The Visitor – Movie ReviewFebruary 15, 2009 Written by JP [Font too small?]
Have you ever watched a movie and seen an actor who looks really familiar, but you just couldn’t place him or remember his name? You think to yourself, “I’ve seen this guy before in lots of films, but which ones”? Such performers are often referred to as “character actors”. One of the best contemporary character actors is Richard Jenkins. At the tender age of 61, he’s finally getting some much deserved attention and a leading role.
In the past, Richard Jenkins was probably best known for his role in the HBO dramatic series Six Feet Under. He played a dead father who kept coming back from beyond the grave to visit his family. I probably remember Richard best for a small, but memorable role as the creepy psychiatrist in the hilarious comedy, There’s Something About Mary. But now, I think he’ll be remembered for something considerably different: his Academy Award nominated performance in The Visitor.
In the film, he plays a university professor named Walter Vale who is simply going through the motions of living. He teaches only one economics course, but his heart isn’t into it. There’s also a book that’s supposedly in the works, but that too is a sham. These are all activities to keep up appearances and fill his otherwise empty days. But that all changes when he’s forced to go to New York City to give a presentation at an academic conference.
Upon arriving in NYC in the middle of the night, Walter enters his old apartment that he used to share with his now deceased wife. But something is wrong. He notices fresh flowers in a vase. How could this be? He hasn’t been to the city in years. Walter delves deeper into his old residence. It all seems normal, until he sees a light on behind the bathroom door. He opens the door and a lady, a complete stranger, is in his bathtub! She screams! He screams! And moments later an unknown man charges him, accusing him of breaking into “their” apartment!
Who are these people? Why are they there? How is it that they claim this is their home? It turns out that couple, a Syrian drum musician named Tarek and a Senegalese jewelry designer, named Zainab, were the victims of a rental scam. At first, Walter wants them gone. He doesn’t need this kind of upheaval in his life. But something about this couple pierces his frozen heart. Maybe it’s the excitement of being exposed to something new and exotic. Or maybe his soul thirsts for a cup of humanity – an opportunity to do something unexpected and kind for a change. So Walter allows the couple to stay with him until they can make other arrangements.
This decision will bring big and small changes to all of their lives. For starters, Walter takes an unexpected interest in the African drum (that Tarek plays), which further opens him up to the possibility of abandoning his stoic ways.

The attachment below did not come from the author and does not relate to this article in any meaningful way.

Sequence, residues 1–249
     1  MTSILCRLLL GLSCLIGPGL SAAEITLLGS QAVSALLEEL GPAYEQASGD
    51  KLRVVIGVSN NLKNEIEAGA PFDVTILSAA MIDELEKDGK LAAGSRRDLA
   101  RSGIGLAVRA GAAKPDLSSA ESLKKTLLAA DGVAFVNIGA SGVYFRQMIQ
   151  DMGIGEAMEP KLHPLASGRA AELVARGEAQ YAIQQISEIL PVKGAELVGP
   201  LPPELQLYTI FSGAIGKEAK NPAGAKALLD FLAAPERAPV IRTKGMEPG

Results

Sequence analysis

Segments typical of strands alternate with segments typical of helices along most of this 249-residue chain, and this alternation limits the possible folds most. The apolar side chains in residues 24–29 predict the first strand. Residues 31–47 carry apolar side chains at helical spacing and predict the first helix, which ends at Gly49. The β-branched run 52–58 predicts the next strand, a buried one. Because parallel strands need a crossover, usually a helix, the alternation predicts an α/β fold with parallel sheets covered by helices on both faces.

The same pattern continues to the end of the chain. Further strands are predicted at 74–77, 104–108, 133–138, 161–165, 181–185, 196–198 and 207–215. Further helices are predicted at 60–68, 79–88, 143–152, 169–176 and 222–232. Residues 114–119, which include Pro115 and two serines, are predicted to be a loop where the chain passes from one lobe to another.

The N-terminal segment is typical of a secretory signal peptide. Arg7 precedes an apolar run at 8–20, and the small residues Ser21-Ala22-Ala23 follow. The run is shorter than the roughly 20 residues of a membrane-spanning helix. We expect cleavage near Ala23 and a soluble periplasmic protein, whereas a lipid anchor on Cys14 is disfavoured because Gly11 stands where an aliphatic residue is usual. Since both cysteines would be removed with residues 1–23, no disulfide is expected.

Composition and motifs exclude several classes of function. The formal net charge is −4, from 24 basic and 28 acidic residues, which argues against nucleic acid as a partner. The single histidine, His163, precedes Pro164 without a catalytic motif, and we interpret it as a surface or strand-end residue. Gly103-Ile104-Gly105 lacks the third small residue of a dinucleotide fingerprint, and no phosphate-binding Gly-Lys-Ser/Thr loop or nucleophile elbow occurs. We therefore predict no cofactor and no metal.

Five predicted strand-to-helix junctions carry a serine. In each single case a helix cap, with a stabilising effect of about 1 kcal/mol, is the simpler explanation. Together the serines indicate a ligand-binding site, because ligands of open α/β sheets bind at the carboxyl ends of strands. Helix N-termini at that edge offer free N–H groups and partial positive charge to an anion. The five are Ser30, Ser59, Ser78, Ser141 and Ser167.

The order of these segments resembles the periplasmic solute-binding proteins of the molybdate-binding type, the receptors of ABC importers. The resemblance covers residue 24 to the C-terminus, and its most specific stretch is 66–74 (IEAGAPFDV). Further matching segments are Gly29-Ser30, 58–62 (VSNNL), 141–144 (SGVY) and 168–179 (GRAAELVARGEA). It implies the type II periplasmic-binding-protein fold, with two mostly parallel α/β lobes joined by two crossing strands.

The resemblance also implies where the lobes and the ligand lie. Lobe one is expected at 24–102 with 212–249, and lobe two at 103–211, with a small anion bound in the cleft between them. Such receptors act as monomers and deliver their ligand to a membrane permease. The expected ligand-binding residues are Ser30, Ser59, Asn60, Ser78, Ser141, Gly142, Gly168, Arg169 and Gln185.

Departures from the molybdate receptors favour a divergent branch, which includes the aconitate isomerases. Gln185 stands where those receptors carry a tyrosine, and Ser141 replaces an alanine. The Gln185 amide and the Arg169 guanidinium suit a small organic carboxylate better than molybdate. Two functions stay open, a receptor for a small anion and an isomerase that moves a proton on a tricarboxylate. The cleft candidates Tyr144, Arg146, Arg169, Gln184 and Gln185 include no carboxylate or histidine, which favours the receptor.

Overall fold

At this point in the film, I settled in to this pleasant story of personal transformation and the coming together of different cultures. But then the film takes a hard turn. Tarek is arrested on a technicality in a subway station. This understandably destroys Zainab (Tarek’s girlfriend), but it also rocks Walter’s world. The reality of being alive again has shifted from the joyful aspects to the painful spectrum of life’s palette.
The Visitor is the second film written and directed by Tom McCarthy. His first project was a personal favorite of mine, The Station Agent. It took Tom almost five years to get this film made. I’m glad he succeeded. It’s a fine and moving film. The performance by Richard Jenkins is truly deserving of all the recognition it has received (he’s been nominated for a Screen Actor’s Guild Award, an Independent Spirit Award and he recently won a National Board of Review Award). One of the beautiful things about this motion picture is that all the performances that surround the lead character are also spot on.
I also liked the fact that the film presents a socially conscious message in a pretty evenhanded manner. If this film were in hands of a lesser filmmaker, it may have felt heavy handed or manipulative. Not here. At it’s core it’s a story about the lives of these human beings, rather than a film that plays politics. That’s a fine line to walk and I believe it’s done well here.
The Visitor is Rated PG-13 for a few instances of strong language. I think it’s appropriate for older children and anyone who’s interested in the subject matter. Beyond that, this might also make for a good film to discuss among parents and children. Important issues are raised here that may open the door to meaningful dialogue between families and friends.
Both The Visitor and The Station Agent are currently available on DVD. I recommend them both. If you have the opportunity to see either of these films, I’d value knowing your opinion about them.
Posted in Movies